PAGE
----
Breeding for growth and development

The group focuses on investigating the genetic regulation of phenotypic diversity. The two main crop species that we work on are Brassica oleracea and B. rapa on the one hand, and potato at the other hand. In Brassica a main team is to understand the enormous phenotypic diversity, with in B. oleracea cauliflowers, cabbages, kohlrabi’s, Brussels sprouts and kale and in B. rapa a similar diversity in crops. The potato sequence was released in 2011, and opens possibilities for further trait discoveries. This recently led to the cloning of the earliness gene. Research focusses on tuberization and responses to stress.

Crops: potato, B. rapa, B. oleracea.

Brassica research

To investigate this, we develop core collections and biparental populations from crosses between different morphotypes for (association) mapping and resequence inbred lines and landraces to generate SNPS and detect marks of domestication. A key issue is whether similar genes/genomic regions define the diverse morphotypes (turnips/kohlrabi and Chinese cabbage/ cabbage) in B. oleracea and B. rapa respectively. Key traits for investigation are flowering time and leaf development, which are strictly related to diverse morphotypes, seed quality and phytonutriens. For the latter, the focus on glucosinolates and study the genetic variation in degradation kinetics during food processing in collaboration with Food Scientists.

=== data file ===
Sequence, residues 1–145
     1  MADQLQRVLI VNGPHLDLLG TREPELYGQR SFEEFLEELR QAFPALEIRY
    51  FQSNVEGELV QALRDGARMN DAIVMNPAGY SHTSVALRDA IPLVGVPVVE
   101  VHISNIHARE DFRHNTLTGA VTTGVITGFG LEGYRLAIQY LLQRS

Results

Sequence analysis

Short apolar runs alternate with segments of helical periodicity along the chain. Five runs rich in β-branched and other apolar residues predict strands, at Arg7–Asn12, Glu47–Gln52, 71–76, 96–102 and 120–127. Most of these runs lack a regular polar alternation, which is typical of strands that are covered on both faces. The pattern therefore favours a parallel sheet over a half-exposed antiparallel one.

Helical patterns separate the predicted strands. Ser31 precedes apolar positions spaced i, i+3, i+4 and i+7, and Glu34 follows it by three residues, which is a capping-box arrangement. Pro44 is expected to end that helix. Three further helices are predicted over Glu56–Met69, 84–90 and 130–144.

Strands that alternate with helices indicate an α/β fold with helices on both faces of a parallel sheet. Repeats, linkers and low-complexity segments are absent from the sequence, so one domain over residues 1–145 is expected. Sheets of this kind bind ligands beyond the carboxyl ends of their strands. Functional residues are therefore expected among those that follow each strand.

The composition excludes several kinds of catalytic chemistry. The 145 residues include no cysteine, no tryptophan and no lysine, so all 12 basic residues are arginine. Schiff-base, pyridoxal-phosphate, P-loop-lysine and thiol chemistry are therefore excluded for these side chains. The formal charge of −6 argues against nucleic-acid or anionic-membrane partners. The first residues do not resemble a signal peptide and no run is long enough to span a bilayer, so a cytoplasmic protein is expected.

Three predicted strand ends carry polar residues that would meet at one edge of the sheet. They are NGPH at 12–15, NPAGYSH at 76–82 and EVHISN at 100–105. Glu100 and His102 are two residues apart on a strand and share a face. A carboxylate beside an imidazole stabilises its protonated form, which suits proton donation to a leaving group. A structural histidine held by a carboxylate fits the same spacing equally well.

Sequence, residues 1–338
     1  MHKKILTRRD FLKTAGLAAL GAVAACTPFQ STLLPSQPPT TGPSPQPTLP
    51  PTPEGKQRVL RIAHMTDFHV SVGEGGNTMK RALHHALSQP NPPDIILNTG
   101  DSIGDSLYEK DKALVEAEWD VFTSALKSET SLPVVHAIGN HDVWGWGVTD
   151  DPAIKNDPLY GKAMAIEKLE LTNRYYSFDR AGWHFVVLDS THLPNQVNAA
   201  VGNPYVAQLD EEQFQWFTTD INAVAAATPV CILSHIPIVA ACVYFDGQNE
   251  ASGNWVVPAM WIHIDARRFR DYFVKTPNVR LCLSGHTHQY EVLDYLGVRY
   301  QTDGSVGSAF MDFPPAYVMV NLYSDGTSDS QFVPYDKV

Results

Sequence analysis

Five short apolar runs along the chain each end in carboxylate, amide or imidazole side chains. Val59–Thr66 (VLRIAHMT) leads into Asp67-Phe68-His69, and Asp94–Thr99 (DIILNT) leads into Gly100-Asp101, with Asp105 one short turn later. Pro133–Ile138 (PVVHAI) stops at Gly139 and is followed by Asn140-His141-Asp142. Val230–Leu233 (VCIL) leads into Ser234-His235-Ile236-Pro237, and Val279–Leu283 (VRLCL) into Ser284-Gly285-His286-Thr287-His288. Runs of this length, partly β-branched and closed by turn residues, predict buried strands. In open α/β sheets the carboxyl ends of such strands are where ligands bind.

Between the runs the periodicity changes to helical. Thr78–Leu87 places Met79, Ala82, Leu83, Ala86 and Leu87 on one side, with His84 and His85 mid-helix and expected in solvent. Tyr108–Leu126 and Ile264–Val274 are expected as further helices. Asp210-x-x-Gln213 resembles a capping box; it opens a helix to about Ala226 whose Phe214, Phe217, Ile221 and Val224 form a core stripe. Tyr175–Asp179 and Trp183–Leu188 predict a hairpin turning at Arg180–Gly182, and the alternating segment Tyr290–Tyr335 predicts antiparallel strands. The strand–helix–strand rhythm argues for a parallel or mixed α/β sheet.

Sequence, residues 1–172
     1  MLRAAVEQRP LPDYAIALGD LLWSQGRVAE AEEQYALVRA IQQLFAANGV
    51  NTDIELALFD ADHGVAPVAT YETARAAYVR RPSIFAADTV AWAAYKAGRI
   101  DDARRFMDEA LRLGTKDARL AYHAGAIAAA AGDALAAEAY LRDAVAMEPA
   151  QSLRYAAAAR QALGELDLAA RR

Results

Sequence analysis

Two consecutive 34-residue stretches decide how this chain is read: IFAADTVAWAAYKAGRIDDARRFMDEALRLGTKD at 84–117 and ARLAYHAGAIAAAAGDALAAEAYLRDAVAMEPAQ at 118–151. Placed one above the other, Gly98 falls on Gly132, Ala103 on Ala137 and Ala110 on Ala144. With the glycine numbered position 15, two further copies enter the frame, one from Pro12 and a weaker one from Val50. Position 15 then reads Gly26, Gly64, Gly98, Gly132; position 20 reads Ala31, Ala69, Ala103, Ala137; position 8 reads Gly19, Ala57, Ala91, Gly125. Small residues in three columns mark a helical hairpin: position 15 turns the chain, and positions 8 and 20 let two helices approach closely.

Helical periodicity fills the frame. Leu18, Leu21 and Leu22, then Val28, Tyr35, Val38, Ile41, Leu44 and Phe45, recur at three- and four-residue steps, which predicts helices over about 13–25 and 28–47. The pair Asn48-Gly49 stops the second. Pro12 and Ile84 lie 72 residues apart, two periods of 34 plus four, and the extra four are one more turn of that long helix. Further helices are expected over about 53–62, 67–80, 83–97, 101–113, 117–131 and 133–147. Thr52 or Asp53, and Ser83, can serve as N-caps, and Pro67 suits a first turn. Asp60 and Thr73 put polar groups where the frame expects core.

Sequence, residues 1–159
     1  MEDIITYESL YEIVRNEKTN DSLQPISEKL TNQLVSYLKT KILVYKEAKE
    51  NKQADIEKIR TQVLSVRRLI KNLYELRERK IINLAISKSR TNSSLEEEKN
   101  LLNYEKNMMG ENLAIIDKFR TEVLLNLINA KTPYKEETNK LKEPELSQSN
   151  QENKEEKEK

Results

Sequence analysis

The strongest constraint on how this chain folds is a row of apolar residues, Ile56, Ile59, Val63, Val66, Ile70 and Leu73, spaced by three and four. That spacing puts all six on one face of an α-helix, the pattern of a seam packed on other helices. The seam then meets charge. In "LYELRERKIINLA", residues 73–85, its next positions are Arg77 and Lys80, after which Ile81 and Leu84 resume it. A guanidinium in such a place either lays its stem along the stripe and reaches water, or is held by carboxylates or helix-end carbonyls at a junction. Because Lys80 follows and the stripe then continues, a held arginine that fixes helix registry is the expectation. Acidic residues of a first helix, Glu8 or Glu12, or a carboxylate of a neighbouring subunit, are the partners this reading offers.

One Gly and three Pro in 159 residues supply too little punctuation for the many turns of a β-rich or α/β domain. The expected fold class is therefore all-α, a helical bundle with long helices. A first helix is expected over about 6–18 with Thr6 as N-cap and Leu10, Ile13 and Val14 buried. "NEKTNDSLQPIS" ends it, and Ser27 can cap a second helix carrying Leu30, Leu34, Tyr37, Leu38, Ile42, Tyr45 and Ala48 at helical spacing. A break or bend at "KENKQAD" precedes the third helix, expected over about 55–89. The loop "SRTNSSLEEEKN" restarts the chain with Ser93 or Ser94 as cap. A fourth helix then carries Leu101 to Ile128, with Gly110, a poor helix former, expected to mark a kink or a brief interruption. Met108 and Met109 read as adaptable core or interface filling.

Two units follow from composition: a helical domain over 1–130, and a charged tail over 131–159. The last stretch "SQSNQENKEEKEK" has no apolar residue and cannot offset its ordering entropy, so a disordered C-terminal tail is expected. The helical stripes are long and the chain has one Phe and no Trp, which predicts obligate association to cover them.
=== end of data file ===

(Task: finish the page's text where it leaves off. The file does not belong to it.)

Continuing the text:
Potato research

Potato tuberisation and the moment it occurs are very important in determining the final size distribution, number of tubers and total yield. Following on from the identification of an important regulator of tuberisation controlling potato life cycle published in Nature in 2013 and also additional research into the important role of hormones in this process. The research focus is on the interaction between the regulation of flowering and tuber formation in potato and the effects of environmental stress on potato tuberisation.

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Recent publications

Staff